Date of Award:

1983

Document Type:

Thesis

Degree Name:

Master of Science (MS)

Department:

Wildland Resources

Advisor/Chair:

John C. Malecheck

Abstract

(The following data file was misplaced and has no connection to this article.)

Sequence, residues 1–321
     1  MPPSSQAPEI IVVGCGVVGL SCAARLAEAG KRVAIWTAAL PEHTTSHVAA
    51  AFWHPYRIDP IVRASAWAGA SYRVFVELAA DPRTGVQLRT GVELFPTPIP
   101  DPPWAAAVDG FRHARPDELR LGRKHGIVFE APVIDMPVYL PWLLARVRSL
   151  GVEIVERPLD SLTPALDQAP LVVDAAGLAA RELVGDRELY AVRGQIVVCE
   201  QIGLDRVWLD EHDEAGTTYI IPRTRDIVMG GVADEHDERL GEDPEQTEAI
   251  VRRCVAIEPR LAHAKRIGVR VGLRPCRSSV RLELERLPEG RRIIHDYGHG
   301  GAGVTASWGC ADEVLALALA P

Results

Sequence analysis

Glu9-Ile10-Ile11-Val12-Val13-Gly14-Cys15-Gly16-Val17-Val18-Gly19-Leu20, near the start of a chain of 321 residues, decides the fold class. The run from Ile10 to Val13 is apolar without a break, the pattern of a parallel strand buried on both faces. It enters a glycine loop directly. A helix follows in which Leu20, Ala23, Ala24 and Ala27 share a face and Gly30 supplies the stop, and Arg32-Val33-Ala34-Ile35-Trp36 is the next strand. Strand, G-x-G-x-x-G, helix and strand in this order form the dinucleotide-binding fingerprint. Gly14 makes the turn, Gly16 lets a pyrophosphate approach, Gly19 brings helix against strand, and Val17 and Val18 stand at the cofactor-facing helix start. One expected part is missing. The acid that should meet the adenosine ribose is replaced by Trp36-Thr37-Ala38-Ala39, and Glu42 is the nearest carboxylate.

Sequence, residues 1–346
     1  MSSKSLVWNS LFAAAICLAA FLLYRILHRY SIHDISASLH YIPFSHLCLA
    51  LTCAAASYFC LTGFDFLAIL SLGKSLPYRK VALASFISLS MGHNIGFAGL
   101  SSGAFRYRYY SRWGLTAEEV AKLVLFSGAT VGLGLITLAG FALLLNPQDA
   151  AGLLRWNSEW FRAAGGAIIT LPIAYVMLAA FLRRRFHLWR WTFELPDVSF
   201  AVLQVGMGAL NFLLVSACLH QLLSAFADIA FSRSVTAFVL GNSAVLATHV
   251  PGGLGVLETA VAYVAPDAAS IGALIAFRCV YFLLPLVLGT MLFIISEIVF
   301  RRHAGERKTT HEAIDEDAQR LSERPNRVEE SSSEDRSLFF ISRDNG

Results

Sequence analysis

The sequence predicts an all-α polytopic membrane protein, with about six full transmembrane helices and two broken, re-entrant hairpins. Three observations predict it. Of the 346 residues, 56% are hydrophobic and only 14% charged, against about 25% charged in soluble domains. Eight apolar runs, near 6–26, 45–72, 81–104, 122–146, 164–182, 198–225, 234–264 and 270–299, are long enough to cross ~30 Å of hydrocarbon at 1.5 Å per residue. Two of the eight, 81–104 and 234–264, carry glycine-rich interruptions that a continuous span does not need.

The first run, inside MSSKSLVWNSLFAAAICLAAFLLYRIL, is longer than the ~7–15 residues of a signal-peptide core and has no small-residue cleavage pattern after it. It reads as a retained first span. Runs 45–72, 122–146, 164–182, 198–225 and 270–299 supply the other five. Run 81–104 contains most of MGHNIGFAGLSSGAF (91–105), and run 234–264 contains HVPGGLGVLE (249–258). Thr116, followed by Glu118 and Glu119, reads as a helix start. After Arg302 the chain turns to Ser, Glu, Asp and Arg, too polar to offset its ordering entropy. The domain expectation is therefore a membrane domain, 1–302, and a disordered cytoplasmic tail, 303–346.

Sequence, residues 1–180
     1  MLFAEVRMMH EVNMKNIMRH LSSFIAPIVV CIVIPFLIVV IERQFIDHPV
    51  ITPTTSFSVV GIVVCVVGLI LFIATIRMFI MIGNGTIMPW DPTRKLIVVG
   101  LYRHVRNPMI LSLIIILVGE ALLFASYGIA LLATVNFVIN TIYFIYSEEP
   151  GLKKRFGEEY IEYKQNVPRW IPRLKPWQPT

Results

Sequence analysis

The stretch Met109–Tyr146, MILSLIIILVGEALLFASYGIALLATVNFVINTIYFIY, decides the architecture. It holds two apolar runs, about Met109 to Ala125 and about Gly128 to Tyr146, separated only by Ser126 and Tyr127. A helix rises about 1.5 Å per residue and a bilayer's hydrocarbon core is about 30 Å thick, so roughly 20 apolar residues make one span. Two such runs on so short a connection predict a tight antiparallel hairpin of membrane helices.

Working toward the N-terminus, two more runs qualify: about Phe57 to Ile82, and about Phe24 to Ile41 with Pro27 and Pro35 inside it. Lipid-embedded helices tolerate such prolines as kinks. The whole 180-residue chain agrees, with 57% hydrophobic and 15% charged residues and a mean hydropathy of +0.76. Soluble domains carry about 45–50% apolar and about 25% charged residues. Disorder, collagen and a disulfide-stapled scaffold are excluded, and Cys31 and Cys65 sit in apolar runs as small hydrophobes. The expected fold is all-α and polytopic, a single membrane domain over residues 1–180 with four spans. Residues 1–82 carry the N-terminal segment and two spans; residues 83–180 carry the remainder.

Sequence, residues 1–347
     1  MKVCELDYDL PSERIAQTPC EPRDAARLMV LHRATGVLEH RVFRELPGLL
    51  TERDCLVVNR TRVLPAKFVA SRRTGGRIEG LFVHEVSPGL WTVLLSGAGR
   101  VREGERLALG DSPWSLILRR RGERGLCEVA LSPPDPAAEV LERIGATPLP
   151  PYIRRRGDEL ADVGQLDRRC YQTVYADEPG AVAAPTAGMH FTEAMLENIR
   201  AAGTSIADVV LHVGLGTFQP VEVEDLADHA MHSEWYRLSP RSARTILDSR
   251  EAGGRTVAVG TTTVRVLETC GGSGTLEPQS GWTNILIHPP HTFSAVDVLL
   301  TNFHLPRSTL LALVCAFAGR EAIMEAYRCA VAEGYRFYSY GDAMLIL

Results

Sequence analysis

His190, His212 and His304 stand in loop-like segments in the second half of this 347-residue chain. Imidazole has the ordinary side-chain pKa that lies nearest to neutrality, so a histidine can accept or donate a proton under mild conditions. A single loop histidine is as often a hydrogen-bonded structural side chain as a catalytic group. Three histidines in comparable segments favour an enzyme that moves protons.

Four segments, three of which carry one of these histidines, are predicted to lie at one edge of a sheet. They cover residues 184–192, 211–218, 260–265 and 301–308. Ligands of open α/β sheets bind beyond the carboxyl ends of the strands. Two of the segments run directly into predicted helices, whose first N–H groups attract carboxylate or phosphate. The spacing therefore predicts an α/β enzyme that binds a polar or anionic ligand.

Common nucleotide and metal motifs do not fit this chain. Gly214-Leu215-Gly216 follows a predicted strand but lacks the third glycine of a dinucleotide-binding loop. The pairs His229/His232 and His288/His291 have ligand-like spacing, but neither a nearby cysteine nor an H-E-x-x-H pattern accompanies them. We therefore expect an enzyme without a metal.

A quantitative description of the foraging process is necessary for effective planning and execution of intensive grazing schemes. Foraging behavior is defined as having two components: feeding and moving. At intervals the foraging animal walks a number of steps searching for food and then pauses to feed at a new position here termed a feeding station. Five behavioral variables were analyzed under this framework: 1) time spent at a feed ing station; 2) number of bites at a feeding station; 3) steps taken between stations; 4) rate of steps; and 5) foraging time. The experimental design consisted of grazing small adjacent, approximately 7-ha paddocks for periods lasting 8 days. Animals significantly (P<0.01) increased the probability of taking 1 to 2 bites at a station as the season progressed. Regression analysis relating foraging time (in days) on a paddock revealed that the regression coefficients were statistically significant (P<0.05) suggesting that heifers were appreciably increasing foraging time as the grazing periods progressed. Analysis of moving behavior indicated that animals most often took 1 step between feeding stations and moved at approximately the same rate regardless of sward conditions. The significance of the behavioral measurements is discussed.

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